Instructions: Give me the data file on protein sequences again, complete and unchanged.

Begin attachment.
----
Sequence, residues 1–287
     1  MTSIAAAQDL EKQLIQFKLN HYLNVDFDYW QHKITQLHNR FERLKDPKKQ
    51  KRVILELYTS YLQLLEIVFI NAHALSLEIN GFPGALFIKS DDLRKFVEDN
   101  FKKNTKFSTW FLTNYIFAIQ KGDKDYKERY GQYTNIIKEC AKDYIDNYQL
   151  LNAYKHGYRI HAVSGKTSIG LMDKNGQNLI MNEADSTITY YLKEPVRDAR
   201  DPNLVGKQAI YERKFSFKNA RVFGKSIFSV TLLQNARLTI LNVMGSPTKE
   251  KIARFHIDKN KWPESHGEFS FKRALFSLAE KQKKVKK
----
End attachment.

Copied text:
Sequence, residues 1–287
     1  MTSIAAAQDL EKQLIQFKLN HYLNVDFDYW QHKITQLHNR FERLKDPKKQ
    51  KRVILELYTS YLQLLEIVFI NAHALSLEIN GFPGALFIKS DDLRKFVEDN
   101  FKKNTKFSTW FLTNYIFAIQ KGDKDYKERY GQYTNIIKEC AKDYIDNYQL
   151  LNAYKHGYRI HAVSGKTSIG LMDKNGQNLI MNEADSTITY YLKEPVRDAR
   201  DPNLVGKQAI YERKFSFKNA RVFGKSIFSV TLLQNARLTI LNVMGSPTKE
   251  KIARFHIDKN KWPESHGEFS FKRALFSLAE KQKKVKK